Storybook Ending: A couple's romance with the past yields timeless pieces

story by Molly O'Neill | portrait by Chris Crisman AT PEG AND AWL, stories bring products to life. Every découpaged candleholder, leather book necklace and sturdy wooden caddy proudly reveals the source of its reclaimed materials. A chalkboard tablet is reborn from oak bleachers of the century-old Liberty High School in Bethlehem, Pa., and finished with a leather pencil loop that first served as a World War II gun holster. A scrap of leather from the drawer of an 1835 summer kitchen finds new purpose as a journal cover, sheltering hand-sewn, archival-quality pages.

Peg and Awl proprietors Margaux—a photographer—and Walter Kent—a painter—perhaps so value history because their own story rings romantic. They met in 2007 at Walter’s sister’s birthday party, and moved in together two days later. Margaux immediately became pregnant. Then, five months after their son Søren’s birth, the National Guard called Walter to Iraq. He was gone for one long, lonely year, and Margaux immersed herself in her art.

In the slowly-settling months after Walter’s return, Margaux became pregnant again. Now, three years later, their 1860s Fishtown home bustles with the activity of two towheaded boys. Margaux hammers and stitches while Walter watches Søren and Silas race beneath exposed wood beams. When the babysitter arrives, Walter takes a turn in the woodworking shed tucked in the expansive backyard. Raised beds house dormant plants (and one defiant ripe red pepper) and a rope swing sways lazily as three hens cluck contentedly in their hand-built coop. The scene reflects a new sort of timelessness in which a modern couple practices artisan craftsmanship with antique materials.

Waxed Canvas Weekender, an extra large bag made from waxed canvas and finished with World War II military gun slings and a vintage zipper. $320Though Margaux and Walter see the use of the term “sustainability” as a bit of a fad, the practice comes naturally to them. “I don’t think either of us really thought of that word before it became trendy, but that’s what we’re doing,” says Walter. “It just makes sense to us to not pull up to a lumberyard and buy freshly cut wood that doesn’t have the beauty of the old wood and the history of the old wood.” “Besides,” adds Margaux, “We get to search for things. We like the scavenger hunt, the treasure hunt.”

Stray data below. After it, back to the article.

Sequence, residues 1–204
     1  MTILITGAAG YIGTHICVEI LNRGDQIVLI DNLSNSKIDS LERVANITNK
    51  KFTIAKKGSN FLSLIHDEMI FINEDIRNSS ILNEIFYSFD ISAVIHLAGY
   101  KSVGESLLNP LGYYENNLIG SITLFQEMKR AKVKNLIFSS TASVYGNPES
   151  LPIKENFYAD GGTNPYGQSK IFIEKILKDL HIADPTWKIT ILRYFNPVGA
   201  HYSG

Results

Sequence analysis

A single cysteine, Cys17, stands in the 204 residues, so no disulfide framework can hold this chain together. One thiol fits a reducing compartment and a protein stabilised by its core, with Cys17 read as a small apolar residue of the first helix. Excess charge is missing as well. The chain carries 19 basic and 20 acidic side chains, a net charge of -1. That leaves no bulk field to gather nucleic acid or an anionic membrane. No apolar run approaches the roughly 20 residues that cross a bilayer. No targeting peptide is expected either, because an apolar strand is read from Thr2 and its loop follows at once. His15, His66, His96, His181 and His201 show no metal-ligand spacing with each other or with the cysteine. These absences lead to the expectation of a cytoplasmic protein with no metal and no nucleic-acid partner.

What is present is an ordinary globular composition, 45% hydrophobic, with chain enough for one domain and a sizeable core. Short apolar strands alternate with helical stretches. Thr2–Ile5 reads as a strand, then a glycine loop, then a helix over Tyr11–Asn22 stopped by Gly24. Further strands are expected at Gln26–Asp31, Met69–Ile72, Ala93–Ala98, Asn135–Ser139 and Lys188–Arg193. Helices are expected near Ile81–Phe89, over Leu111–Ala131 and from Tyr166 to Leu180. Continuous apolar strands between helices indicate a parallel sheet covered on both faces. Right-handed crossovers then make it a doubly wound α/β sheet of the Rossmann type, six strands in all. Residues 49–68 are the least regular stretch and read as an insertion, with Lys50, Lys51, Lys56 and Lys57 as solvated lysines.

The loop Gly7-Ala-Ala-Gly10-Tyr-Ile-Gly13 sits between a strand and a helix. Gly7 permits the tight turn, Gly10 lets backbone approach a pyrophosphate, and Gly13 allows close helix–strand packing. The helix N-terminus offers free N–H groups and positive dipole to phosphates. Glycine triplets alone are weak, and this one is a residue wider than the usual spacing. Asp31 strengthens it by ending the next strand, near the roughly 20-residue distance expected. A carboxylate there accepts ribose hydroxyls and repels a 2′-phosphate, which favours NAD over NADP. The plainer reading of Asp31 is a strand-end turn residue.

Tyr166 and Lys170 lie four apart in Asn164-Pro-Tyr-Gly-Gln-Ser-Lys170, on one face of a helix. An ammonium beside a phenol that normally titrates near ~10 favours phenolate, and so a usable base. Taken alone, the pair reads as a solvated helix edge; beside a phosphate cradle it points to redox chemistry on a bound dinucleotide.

Once found, salvaged materials can be challenging to work with, and the popularity of old-growth lumber has made quality materials harder to find. “It’s actually pretty expensive,” says Margaux, “and it takes a lot of work as far as pulling nails and cutting the wood. You really do have to have a passion for the material itself.” Peg and Awl receives an increasing number of requests for pieces with indications of the wood’s prior life—knotholes and other “imperfections”—and working around those features requires creativity. “We are very conscious about the waste that we produce,” says Walter. “We have a scrap pile and that turns into another product, and that makes a smaller scrap pile that we might turn into jewelry.”

Peg and Awl is also serious about eliminating toxicity in their products. Margaux and Walter shy away from lead-painted wood, and plane away any other remnants of paint or shellac. They use only natural products to treat their wood—milk paint from a company in Quakertown, and tung tree oil.

iPad Easel made from reclaimed oak (primarily from the 1800s) to be used as a wall mount or desk base. $50With their new Edible Backyards line, featuring chicken coops, raised beds, garden boxes and markers, Margaux and Walter hope to help others explore the homegrown lifestyle they’ve cultivated. Starting in March, a new collaboration with a local expert will allow Peg and Awl to provide seasonal gardening guides for use with their products.

Though Peg and Awl connects with clients as far away as Australia and Scandinavia, the company is reaching its roots even deeper into Philadelphia. This November, Margaux and Walter will plant their artisanal flag in Port Richmond, moving into a new workspace/showroom in a former casket factory at the Atlas Building. Of course, the historical significance of the new space isn’t lost on Margaux.

“It just kind of blows my mind that so many people have existed on the same piece of earth for so many years,” she says. But even as Peg and Awl slowly weaves its story worldwide, the “once upon a time” will always begin right here in Philadelphia.

Peg and Awl, pegandawlbuilt.com

An earlier version of this article was published at hyloboutiques.com.